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John Green's latest book-to-film adaptation, Paper Towns (out July 24), has a lot to boast. Green himself—author of last year's teen drama The Fault in Our Stars—needs no introduction to the rabid YA fanbase. The cast is equally noteworthy. Nat Wolff—the 2015 answer to Say Anything-era John Cusack—is elevated from supporting character (in Faults) to leading man, as the shy high school boy Quentin. But the film's most talked about It Factor is undoubtedly the immensely popular model-slash-eyebrow-icon-slash-Instagram-darling Cara Delevingne, who steps into acting shoes—for the first time as a leading lady (well, kind of)—in the role of Margo Roth Spiegelman.
For the 21-plus age demographic, Paper Towns is perhaps less of an easy sell. There's something about the trailer that feels not self-aware enough—she's too manic, too pixie. "Margo's life was a series of unbelievably epic adventures," Quentin says in voice-over. She's a dream girl who whispers sweet, wise-beyond-her-years nothings, and she gets the film's male protagonist to step out of his comfort zone. She changes his life.
Those things are all true of Paper Towns. It's a mythologization of the beautiful, mysterious girl, but Paper Towns doesn't box itself into those restrictions. Margo, who's never content just being content, ends up running away from her Florida hometown, after a night of mostly harmless revenge pranks (on her cheating ex-boyfriend) with her neighbor Quentin, whom she easily recruits, because a) how could you resist? and b) Margo is just that kind of girl. She's never taken "no" for an answer; she's never had to. It helps that Quentin has adored her from a distance for basically his whole life. The next morning, Quentin wakes up elated, believing this is the first day of his new high school life. Instead, he wakes up to a different kind of reality.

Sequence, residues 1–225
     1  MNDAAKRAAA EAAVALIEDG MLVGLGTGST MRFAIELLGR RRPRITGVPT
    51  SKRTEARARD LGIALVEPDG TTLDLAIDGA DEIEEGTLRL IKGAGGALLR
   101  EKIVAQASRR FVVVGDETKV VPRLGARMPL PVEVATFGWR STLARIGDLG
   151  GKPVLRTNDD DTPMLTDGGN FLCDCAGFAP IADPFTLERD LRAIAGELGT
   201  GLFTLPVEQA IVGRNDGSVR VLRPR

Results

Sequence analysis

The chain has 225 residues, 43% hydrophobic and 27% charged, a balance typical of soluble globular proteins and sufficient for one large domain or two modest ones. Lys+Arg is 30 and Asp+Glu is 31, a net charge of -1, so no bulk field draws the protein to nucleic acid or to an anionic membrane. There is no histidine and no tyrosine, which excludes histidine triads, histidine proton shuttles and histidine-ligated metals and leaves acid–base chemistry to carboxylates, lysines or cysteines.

This is where Paper Towns steps outside of the typical high school movie arc: His too-good-to-be-true dreams don't come true, as he finds out that Margo has run away from home.
Like the enigma Margo is, she leaves behind clues—including Woody Guthrie references and Walt Whitman lines—which Quentin eagerly puts the pieces of together in order to find her. Paper Towns really takes off—and finds its most charming quality—not when Margo is on the screen, surprisingly, but when Quentin and his entourage (including his nerdy buds Ben and Radar, and two other cool girls Lacey and Angela) embark on a road trip to find Margo, whose clues lead them to find out that she's been hiding out in a paper town. "Paper town," by the way, as they explain in the movie, is a fake town cartographers used to add to maps to catch plagiarists. Admittedly, the magic of the movie comes with a good dose of suspension of disbelief—How does Margo just run away like that? How does she make a living? How do these kids just skip school and go on a road trip? Where are their parents?! But for the film's 109-minute run, put away those questions.
Rather than a standard boy-meets-girl, the movie becomes a sweet coming-of-age story for the rest of the gang. Ben (Austin Abrams) and Radar (Justice Smith), especially, carry the comic load of the film. (Their onscreen time is actually better than either Nat's or Cara's.) Unlike its predecessor The Fault in Our Stars, this one is a constant stream of laughs—well, mostly chuckles—without the sappiness. That's not to say it's a better movie than Stars, it's just a different kind. If you're not the grab-a-box-of-tissues kind of moviegoer, then Paper Towns might be a lot more enjoyable.
Instead, Paper Towns is more of a mission-driven road trip comedy.
Nat Wolff's Quentin leads said mission, clearly motivated by his newfound goal to step out of his comfort zone, but in a way, Margo touches all their lives, not just his. Their common goal to go find Margo not only calls for an exciting, cooperative puzzle-solving, but it brings the friends together—Radar's girlfriend Angela, who had felt left out before, is finally introduced to his friends, while popular girl Lacey dismisses social status whereas before she would never be seen with someone like Ben (who crushes on her hard and desperately courts her as a prom date). Everyone gets their last hurrah before going off their separate ways for college, and there's even a mild ticking-time-bomb element, as they try to get back home just in time for prom. (Prom is super important, okay?)
The earnest friend-bonding and adventure-seeking of the movie keeps it from falling off into trash teen fare. Despite some of its cheesy moments, this movie is charming—even without relying on the already-charming Delevingne. Looking for something heartfelt and humorous? Don't write off Paper Towns this weekend.